GRANVILLE, June 5, 2014 by Doug Gruse (www.poststar.com) - Serena Kovalosky thinks slate is anything but dull.
As exhibitions and marketing manager at Slate Valley Museum, Kovalosky is bringing out the rock’s true colors in “Slate as Muse,” a show that celebrates the stone through art.
“Slate is viewed as mostly functional. But when it is seen as a fine art, it’s a much different perspective,” she said.
The exhibit, which opens this weekend with a Friday reception, features 19 professional artists from across the country who find inspiration in slate. The 27 pieces in the show include sculpture, paintings, photography, mosaic, encaustic and mixed media.
“When the call was put out, I didn’t know what I was going to get. I was looking for an eclectic mix. I was pleasantly surprised at the diversity. It’s a celebration of slate and a celebration of the quarries that are still in existence,” Kovalosky said.
Sarah Kijowski, interim director of the museum, has seen visitors connect with the work during the installation process.
“The accessibility of this show is very different. Everybody is relating to the work in some way,” Kijowski said. “There is already a dialog happening, and the show hasn’t even opened.”
Nicholas Benson, a third-generation stonecutter who owns the renowned John
Stevens Shop in Newport, Rhode Island, honors his roots while branching out in a new direction with a piece titled “Slate M.” The 6-foot-long tablet features a calligraphic inscription.
“There is not a single bit of computer involved. It is all done by hand,” Benson said.
The ornately cut letters flow together to form a design. Closer inspection reveals a message, which reads: “Of course no so called style can continue forever because then human consciousness would have to remain static. But on the other hand you can’t pretend that nothing ever happened.”
“There’s a really interesting juxtaposition of the precise cut and the extremely loose calligraphic form,” Benson said.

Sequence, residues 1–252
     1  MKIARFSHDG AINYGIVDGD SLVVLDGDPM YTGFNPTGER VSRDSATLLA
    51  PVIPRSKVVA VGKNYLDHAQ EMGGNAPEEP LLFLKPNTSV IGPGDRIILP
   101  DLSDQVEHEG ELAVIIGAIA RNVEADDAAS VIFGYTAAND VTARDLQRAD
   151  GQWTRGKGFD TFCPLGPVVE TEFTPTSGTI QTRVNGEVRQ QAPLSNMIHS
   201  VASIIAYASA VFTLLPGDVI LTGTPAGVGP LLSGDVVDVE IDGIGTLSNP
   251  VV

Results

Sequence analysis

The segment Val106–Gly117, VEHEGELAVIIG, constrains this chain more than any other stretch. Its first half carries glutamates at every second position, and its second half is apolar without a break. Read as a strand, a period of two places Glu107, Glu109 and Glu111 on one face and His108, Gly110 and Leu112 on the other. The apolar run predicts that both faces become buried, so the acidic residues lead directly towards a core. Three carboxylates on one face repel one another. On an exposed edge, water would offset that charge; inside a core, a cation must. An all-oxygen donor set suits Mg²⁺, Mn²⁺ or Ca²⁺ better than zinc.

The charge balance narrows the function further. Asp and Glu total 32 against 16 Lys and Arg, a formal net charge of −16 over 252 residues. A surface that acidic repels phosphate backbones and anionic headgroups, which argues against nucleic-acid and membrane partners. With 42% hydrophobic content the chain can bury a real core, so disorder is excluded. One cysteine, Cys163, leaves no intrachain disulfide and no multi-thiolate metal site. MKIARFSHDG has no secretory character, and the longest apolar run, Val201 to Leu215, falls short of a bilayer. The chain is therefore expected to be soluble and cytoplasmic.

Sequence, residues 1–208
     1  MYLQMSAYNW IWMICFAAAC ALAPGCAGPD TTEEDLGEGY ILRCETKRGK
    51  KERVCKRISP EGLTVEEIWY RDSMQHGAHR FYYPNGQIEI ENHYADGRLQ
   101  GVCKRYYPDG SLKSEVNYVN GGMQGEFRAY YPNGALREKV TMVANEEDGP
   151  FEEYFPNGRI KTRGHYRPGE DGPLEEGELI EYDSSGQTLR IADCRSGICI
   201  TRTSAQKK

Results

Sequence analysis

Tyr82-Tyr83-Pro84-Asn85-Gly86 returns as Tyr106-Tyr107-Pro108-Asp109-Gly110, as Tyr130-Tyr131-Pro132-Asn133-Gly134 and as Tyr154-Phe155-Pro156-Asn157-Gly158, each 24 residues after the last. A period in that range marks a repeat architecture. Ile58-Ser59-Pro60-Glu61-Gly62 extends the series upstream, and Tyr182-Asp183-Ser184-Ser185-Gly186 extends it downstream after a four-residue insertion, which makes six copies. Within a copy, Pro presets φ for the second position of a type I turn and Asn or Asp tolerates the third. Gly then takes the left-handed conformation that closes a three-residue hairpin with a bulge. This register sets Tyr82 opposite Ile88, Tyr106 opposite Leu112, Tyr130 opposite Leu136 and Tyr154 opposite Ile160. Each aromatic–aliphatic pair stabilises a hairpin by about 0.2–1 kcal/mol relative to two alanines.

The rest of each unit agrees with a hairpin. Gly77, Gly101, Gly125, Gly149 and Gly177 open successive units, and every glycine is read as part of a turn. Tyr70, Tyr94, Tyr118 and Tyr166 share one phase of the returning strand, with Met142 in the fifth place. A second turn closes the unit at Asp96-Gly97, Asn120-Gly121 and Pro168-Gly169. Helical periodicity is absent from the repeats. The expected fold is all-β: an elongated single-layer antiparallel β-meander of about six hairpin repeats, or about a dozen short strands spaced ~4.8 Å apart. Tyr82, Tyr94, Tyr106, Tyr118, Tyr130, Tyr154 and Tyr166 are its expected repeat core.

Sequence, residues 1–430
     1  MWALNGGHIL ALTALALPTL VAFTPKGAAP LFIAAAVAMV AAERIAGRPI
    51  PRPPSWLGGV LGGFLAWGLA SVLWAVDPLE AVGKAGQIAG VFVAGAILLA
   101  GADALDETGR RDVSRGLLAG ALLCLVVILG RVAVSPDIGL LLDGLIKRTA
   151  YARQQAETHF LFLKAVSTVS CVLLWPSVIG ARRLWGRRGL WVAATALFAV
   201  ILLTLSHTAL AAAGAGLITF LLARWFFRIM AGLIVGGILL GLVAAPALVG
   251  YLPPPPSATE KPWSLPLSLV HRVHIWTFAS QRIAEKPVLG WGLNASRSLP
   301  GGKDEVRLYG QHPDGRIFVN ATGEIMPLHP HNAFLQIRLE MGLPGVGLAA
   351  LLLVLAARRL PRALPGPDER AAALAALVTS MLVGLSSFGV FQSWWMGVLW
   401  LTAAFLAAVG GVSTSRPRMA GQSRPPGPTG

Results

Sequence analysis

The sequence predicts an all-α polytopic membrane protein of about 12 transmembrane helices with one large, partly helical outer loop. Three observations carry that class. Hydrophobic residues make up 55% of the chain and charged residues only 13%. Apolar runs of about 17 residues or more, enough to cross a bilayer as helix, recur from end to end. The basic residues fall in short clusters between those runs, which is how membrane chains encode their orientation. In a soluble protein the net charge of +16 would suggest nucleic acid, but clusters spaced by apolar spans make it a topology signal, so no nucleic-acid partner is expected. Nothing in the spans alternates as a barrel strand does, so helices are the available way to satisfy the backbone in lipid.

Kerry O. Furlani has been involved with the museum since she had a solo show at the venue in 2004. The Poultney, Vermont-based carver is glad to be a part of the “Muse” exhibit.
“Most artists use slate as one of many materials, but for whatever reason, I have ended up sticking with it,” Furlani said.
The artist finds inspiration in indigenous sculptures and ancient handiwork.
“There is a long history of working with slate. I grabbed a hold of that and carried it further. I took it to the next level and put it in galleries,” she said.
The diversity of coloring in slate brings dimension to the work, according to the carver.
“When I go to a quarry, my imagination starts going again. I’m looking for the most provocative piece. I’m like a kid in a candy store,” Furlani said.
While the stone is commonly perceived as cold and gray, the work in “Slate as Muse” reveals the material in a new light.
“We are the colored slate capital of the world. The fact that the art represents that is pretty cool,” Kijowski said.
If you go
An opening reception for “Slate as Muse” will be held this weekend from 7 to 9 p.m. Friday at the Slate Valley Museum in Granville. The event is free and is part of the village’s First Friday event.
The Pember Library and Museum will have an “Open House Day” featuring the eclectic work of Don Taylor for First Friday. Chris Morash will perform music, and Scarlotta’s Car Hop will set up an ice cream machine.
“Slate as Muse, Slate as Material,” a roundtable discussion, will be held at 2 p.m. June 14 at the Slate Valley Museum. Panelists include a geologist, a quarry professional, a sculptor and an abstract painter.
For more information on the exhibit, which runs through Nov. 7, go to www.slatevalleymuseum.org or call 642-1417.